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When building endpoints, we'll often be returning responses for requests. If we're making outgoing requests, we'll be receiving them.

public let status: Status
public var headers: [HeaderKey: String]
public var body: Body
public var data: Content


The http status associated with the event, for example .ok == 200 ok.


These are the headers associated with the request. If you are preparing an outgoing response, this can be used to add your own keys.

let contentType = response.headers["Content-Type"]  

Or for outgoing response:

let response = response ...
response.headers["Content-Type"] = "application/json"
response.headers["Authorization"] = ... my auth token
Extending Headers

We generally seek to improve code bases by removing stringly typed code where possible. We can add variables to the headers using generic extensions.

extension HTTP.KeyAccessible where Key == HeaderKey, Value == String {
    var customKey: String? {
      get {
        return self["Custom-Key"]
      set {
        self["Custom-Key"] = newValue

With this pattern implemented, our string "Custom-Key" is contained in one section of our code. We can now access like this:

let customKey = response.headers.customKey

// or

let request = ...
response.headers.customKey = "my custom value"


This is the body associated with the response and represents the general data payload. You can view more about body in the associated docs

For responses, the body is most commonly set at initialization. With two main types.


Things that can be converted to bytes, ie:

let response = Response(status: .ok, body: "some string")

In the above example, the String will be automatically converted to a body. Your own types can do this as well.

Bytes Directly

If we already have our bytes array, we can pass it into the body like so:

let response = Response(status: .ok, body: .data(myArrayOfBytes))

To send an HTTP.Response in chunks, we can pass a closure that we'll use to send our response body in parts.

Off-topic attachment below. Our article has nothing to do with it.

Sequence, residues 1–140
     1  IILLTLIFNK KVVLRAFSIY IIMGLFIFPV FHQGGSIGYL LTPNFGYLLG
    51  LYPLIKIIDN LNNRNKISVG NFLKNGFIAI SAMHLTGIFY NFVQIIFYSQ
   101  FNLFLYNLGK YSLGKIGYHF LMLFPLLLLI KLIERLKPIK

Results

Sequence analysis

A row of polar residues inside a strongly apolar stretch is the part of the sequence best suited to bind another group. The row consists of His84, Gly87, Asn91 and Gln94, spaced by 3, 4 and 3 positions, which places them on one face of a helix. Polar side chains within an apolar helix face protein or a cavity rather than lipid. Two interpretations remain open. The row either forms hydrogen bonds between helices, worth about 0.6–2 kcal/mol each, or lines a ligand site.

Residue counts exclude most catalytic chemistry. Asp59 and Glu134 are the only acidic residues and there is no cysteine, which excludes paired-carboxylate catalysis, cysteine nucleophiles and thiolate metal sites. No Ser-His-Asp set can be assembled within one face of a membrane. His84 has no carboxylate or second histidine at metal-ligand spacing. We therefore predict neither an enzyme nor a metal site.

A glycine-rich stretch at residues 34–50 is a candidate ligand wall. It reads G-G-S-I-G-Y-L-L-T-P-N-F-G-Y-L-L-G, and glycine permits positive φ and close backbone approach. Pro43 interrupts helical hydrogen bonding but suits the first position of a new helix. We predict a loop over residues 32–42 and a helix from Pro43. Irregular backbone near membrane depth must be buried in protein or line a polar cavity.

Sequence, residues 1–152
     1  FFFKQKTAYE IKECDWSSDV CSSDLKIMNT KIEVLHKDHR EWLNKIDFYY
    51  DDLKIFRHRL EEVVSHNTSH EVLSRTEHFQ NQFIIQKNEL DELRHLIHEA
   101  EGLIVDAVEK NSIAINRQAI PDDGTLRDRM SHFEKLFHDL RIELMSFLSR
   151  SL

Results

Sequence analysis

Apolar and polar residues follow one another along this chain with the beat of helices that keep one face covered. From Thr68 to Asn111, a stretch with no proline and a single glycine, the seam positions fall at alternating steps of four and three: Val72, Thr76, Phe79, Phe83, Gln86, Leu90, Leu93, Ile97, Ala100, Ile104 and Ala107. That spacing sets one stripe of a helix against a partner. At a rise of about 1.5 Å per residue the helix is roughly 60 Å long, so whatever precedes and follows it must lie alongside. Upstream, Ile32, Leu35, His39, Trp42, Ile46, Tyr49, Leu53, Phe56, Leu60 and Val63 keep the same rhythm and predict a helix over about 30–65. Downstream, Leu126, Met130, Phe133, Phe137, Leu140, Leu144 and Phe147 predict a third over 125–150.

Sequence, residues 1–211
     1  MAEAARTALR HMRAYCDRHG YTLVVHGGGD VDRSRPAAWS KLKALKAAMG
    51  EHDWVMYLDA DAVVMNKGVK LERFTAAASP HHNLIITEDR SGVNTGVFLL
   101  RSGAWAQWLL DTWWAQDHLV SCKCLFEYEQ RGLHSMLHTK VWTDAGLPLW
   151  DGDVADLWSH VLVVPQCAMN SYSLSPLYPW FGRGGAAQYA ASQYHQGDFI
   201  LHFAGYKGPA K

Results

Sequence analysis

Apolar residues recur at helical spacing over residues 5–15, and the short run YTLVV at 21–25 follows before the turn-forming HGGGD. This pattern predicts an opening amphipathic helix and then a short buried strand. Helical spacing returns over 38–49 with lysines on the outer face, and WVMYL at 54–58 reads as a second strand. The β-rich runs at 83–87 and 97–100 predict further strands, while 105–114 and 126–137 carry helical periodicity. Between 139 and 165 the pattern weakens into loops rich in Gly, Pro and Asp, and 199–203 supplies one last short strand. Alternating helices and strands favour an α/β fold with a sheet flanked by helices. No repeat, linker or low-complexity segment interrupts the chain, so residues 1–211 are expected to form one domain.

let response = Response(status: .ok) { chunker in
  for name in ["joe", "pam", "cheryl"] {
      try chunker.send(name)

  try chunker.close()

Make sure to call close() before the chunker leaves scope.


We can access content the same we do in a request. This most commonly applies to outgoing requests.

let pokemonResponse = try drop.client.get("")
let names =["results", "name"]?.array


To access JSON directly on a given response, use the following:

let json = request.response["hello"]

Key Paths

For more on KeyPaths, visit here

Serving Files

If you are simply looking to serve files from your public directory, it may be useful to look at 'FileMiddleware' instead.

let res = try Response(filePath: "/path/to/file.txt")

Use this to initialize a file response for the exact file path. If using from a public folder for example, the file name should be appended to the public directory, ie: drop.publicDir + ""

Response(filePath: String, ifNoneMatch: String? = nil, chunkSize: Int = 2048) throws

If none match represents an ETag that will be used to check if the file has changed since the last load by the client. This allows clients like browsers to cache their files and avoid downloading resources unnecessarily. Most often calculated w/

For an example of how this is used, look at 'FileMiddleware'.